We made our way up to the top of the small mountain following a gradual ridgeline. Once there, we got out our binoculars and began carefully scouring the surrounding terrain. The view was truly spectacular. We could see for several miles in each direction. Not knowing exactly what to expect, we fed the boys a snack and planned to watch and scan for awhile.
It was late afternoon, about 4:30pm when we heard a bugle. We had been on top for about an hour. Unable to locate the bugle’s source, we all eagerly panned the oak brush for movement. It was my friends son who spotted the first elk wandering slowly through the scrub oak. After we all were able to locate and identify it as a cow, it seemed elk began pouring into the small grassy open areas between the thickets of oak brush. Small groups of cows and spikes began moving--and they were consistently cow calling. I grabbed the cow call and began making a few calls myself. It didn’t take long before a small 4-point came out of the brush and gave us a full bugle about 300 yards away. It wasn’t an ear-piercing bugle that shook the ground, but both boys began to get excited at the drama being played out by the elk just below our vantage point. Soon after his bugle this same small 4-point began chasing cows as well. We watched for another 15 minutes as the elk activity continued to increase.
It was about 5:30pm and finally a bull appeared about 500 yards away that was bigger. Not a monster, I’m not sure there are many monster bulls in the area we were hunting, but a decent 5x6 bull that was certainly bigger than both bulls I had missed my opportunities the year before. I set up on a large rock using my pack the steady the gun. Although the bull was out of my comfortable shooting range, he was moving straight toward the small group of cows being harassed by the small 4-point about 250 yards below us.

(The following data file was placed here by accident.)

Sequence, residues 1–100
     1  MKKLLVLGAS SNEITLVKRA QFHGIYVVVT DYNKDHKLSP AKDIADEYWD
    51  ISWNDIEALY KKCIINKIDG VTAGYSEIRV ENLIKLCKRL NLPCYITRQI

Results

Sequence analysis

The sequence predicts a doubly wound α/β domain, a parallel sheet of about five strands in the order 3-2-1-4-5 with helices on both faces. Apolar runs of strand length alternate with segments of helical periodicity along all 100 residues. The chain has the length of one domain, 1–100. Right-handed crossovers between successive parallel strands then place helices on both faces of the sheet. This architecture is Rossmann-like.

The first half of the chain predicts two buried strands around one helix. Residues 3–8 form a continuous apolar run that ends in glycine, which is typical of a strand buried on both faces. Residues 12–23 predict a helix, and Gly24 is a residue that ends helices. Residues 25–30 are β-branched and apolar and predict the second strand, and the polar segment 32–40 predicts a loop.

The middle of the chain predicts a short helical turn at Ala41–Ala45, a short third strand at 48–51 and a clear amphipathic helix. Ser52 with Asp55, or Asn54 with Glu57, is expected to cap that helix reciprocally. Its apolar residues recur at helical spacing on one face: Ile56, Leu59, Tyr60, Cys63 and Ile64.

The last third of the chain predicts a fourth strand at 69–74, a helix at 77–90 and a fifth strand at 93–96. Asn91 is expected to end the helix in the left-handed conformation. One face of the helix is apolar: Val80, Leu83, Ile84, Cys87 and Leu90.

It was difficult to keep the bull in my scope as he approached. The oak brush was very thick in places and the elk would move into these thickets popping out in what seemed like random places. As the bull approached we could ocassionally see horns above the brush, bobbing and weaving as he navigated his approach. He then bugled and moved quickly through a small open area about 350 yards away into a large thicket of brush that was directly below us. We all intently scanned the brush trying to locate the bull again.
Finally, 2 cows stepped out of the brush and began grazing on some dry grass 230 yards away. They moved slowly, completely unaware of our presence on top of the mountain. The 4-point then emerged and stayed right behind the second cow. His interest was clearly not grazing. After a minute or 2, out came the bull we had been waiting for. This was my chance for redemption.
Time seems to stop when you are focused and waiting for just the right opportunity to take a quality shot. Although it was less than a minute, I held fast on this bull as he walked toward the 4-point and cut him off from closely following the two cows. The 4-point didn’t leave, but backed off and watched as the larger 5x6 bull took his place directly behind the second cow.
The 2 boys were both completely focused with the binoculars on this entire scene. I was nervous, but calm and at ease with the set up and shot. The bull stopped, let out a full bugle and gave a few raspy chuckles. As soon as he finished, I fired my shot and hit the bull direclty behind the front shoulder delivering a lethal blow into his lungs and heart.
He quickly retreated to the brush but was unable to proceed more that 30 yards before falling dead. It wasn’t my first bull, but it was the biggest I had ever shot. With a slap on the back and a couple of hugs from the boys, the buck fever demons were laid to rest. Although not a huge bull, it was a great hunt and gave me back the confidence I had lost the previous year. The boys also got to experience a great hunt and watch it in close up through their binoculars.
Oh, and he tasted great too. In fact, we got to savor the success for a whole year.